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Old May 9, 2012, 12:35 PM   #1
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Location: Central Texas
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Transfer Question

When my grandfather died he split up his guns between the three grandsons. I have a cousin that doesn't use his. He has agreed to GIVE me his. The question lies in that he lives in Arkanasas and I live in TX. Can I just go get them or do I have to have them each shipped.

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Old May 9, 2012, 12:48 PM   #2
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Your cousin has to ship them to an FFL (licensed dealer) in TX, who will then transfer them to you (on a Form 4473 and with a NICS check). Alternatively, your cousin could bring them to a TX FFL who would transfer them to you.

Try to find an FFL close to you who doesn't charge too much for handling the transfer. Long guns can be shipped by USPS (only an FFL can ship a handgun by USPS). FedEx and UPS will ship either, but usually they must be taken to a main hub (not a suburban Kinkos or "self ship" location). Generally, the carrier requires that handguns be shipped by overnight priority. That costs a bit, but the shipment is carefully tracked.
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Old May 9, 2012, 12:56 PM   #3
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Kinda figured. Thanks for the reply
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Old May 9, 2012, 01:22 PM   #4
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In addition to what Armorer-At-Law said...

If the gun in question is a long gun, i.e. rifle or shotgun, the transaction may legally take place at an FFL in any state provided that the transaction is legal in both the current owner's and intended recipient's states of residence. In the case of TX, there is no law against it, although I am not sure about AR. A phone call to an AR FFL located near the TX border will probably put the question to rest.

FWIW if you decide to check AR state law yourself, be aware that federal law used to disallow adjacent-state transfers by default unless both states passed laws allowing them. Many states subsequently passed laws allowing adjacent-state transfers, but these laws are often worded in confusing double negatives, e.g. "...long gun transfers from duly licensed TX dealers are not prohibited". These statutes are now legal dead weight because the federal restriction was removed long ago, but they remain on the books in many places. IOW if you encounter a law that seems to prohibit a transfer through a TX FFL, read the "nots" carefully, it may not say what you initially think.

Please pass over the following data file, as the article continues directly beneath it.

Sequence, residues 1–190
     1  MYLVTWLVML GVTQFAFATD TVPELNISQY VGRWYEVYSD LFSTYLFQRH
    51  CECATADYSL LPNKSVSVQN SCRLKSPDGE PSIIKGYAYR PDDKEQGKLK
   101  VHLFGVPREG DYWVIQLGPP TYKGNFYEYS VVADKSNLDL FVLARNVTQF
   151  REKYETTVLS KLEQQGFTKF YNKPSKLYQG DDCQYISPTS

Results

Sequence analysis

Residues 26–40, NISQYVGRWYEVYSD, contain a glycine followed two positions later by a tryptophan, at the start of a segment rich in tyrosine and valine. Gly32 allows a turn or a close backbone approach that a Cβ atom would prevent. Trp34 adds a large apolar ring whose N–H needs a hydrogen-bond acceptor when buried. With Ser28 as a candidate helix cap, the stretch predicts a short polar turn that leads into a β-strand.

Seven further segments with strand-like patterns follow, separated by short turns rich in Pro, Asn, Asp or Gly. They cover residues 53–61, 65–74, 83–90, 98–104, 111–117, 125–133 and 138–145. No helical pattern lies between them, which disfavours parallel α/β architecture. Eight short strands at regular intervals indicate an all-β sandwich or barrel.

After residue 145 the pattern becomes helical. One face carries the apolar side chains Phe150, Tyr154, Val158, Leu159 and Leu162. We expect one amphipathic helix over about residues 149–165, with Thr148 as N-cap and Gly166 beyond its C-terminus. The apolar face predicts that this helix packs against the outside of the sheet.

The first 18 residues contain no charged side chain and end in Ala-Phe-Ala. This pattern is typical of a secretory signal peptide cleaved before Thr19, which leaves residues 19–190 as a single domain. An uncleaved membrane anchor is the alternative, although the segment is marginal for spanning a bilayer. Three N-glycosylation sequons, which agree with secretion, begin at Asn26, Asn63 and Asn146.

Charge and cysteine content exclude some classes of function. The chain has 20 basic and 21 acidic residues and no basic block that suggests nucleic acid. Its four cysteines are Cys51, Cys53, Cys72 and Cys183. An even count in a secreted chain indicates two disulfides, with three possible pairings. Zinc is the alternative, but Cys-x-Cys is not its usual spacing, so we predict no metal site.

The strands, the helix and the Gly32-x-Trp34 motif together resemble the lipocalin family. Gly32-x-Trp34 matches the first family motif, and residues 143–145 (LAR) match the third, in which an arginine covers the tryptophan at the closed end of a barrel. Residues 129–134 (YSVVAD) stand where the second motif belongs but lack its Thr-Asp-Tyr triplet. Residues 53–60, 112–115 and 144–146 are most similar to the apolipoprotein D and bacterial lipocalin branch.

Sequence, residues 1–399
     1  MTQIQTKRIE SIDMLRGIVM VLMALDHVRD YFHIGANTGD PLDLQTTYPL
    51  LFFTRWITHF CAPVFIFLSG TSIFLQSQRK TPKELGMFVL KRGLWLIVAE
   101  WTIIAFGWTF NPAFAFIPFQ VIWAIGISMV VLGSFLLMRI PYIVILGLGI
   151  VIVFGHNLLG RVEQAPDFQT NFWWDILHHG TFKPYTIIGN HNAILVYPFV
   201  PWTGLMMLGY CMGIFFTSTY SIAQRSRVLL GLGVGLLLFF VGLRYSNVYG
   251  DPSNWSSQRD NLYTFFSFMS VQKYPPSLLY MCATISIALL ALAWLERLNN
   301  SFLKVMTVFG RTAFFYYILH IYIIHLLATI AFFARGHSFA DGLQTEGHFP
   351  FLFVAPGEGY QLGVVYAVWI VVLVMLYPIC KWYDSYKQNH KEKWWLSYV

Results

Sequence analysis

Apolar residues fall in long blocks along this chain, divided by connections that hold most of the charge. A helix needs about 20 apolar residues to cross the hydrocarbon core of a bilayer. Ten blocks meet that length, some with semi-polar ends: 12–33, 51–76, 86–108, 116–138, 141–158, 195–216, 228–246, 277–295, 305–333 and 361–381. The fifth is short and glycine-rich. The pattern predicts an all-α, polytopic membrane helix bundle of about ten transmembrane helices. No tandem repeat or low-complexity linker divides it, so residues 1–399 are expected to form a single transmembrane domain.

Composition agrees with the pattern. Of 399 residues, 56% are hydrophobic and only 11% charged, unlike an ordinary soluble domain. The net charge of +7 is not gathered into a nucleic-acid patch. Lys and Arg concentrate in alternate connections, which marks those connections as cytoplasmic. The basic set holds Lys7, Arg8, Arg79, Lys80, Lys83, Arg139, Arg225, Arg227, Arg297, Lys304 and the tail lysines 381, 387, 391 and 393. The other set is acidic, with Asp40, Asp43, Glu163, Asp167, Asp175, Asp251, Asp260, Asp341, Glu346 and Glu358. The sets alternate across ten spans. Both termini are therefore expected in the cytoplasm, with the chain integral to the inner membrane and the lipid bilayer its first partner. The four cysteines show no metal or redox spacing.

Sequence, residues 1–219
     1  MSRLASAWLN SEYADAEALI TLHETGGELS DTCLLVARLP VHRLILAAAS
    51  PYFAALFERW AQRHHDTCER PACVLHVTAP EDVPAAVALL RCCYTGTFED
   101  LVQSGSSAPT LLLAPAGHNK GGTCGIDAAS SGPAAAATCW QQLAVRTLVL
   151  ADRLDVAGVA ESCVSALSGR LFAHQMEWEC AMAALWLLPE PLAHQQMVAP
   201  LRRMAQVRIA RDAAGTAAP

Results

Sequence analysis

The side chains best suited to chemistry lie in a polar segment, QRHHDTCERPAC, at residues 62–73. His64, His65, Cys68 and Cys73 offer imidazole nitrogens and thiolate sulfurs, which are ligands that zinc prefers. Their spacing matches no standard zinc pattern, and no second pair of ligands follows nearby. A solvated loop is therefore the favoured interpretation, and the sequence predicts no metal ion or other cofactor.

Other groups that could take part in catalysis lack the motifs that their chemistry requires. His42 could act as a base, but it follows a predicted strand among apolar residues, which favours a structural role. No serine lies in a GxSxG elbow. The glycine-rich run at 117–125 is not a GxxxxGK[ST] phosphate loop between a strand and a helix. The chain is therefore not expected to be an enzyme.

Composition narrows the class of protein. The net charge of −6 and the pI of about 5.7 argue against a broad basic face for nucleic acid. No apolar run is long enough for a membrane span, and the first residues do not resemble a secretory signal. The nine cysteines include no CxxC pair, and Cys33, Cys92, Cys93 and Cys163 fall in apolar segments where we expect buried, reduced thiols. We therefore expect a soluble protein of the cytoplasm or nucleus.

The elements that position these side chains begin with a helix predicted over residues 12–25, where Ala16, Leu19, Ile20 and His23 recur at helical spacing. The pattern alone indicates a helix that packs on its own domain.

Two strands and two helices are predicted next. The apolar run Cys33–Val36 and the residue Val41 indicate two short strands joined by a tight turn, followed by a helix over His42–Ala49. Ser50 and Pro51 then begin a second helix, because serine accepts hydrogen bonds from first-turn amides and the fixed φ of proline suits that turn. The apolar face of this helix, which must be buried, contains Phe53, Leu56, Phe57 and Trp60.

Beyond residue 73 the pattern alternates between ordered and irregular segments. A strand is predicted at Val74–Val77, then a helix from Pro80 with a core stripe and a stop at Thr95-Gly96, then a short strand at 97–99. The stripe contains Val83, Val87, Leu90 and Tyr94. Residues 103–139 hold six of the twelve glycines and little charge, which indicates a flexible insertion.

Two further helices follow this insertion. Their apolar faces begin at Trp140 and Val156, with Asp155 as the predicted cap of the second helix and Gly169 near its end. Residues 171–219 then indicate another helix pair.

OTOH handguns must be transferred through an FFL in the intended recipient's state of residence, period.

Expect to pay a $10-$50 fee per firearm for the transfer. $20-$30 is typical.

If your cousin decides to ship to a TX FFL (handgun or not), make sure to check beforehand whether the FFL will accept the shipment. Although federal law allows FFLs to accept handguns from non-FFLs, it doesn't require them to do it. Some FFLs choose not to accept shipments from non-FFLs because they don't want to be stuck holding the bag if the gun turns out to be stolen or illegally modified, or deal with the consequences if the shipper's identifying information is missing, illegible, or incomplete (the receiving FFL is legally required to record this).

Other tidbits...
  • If a gun is over 50 years old or appears on the ATF's Curio & Relics list, a Curio & Relic FFL holder (aka 03 FFL, C&R licensee, or licensed collector) may receive it from a resident of any state provided that the transaction is legal in both the current owner's and intended recipient's states of residence. You can apply for a C&R FFL yourself; it's intended for individuals, and most people who are eligible to purchase a firearm through a standard background check can get one. You also get discounts from mail-order shooting supply houses, which will often offset the $30 license fee in a hurry. Search the Curio & Relic forum for more info.
  • Legal antiques do not require FFL transfers. The most commonly encountered types of legal antiques are black powder muzzleloaders, black powder replicas that don't accept metallic cartridges, and firearms made before 1/1/1899.
What I've written above does not necessarily apply to firearms subject to the National Firearms Act of 1934 (NFA). They are subject to many additional restrictions.
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Last edited by carguychris; May 9, 2012 at 01:29 PM.
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Old May 12, 2012, 11:05 PM   #5
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Find out how old the family guns are, you may be able to use a Curio and Relic license if you want to wait a few weeks for a license to arrive. Then just go and pick them up, I believe, and enter them into your log book.
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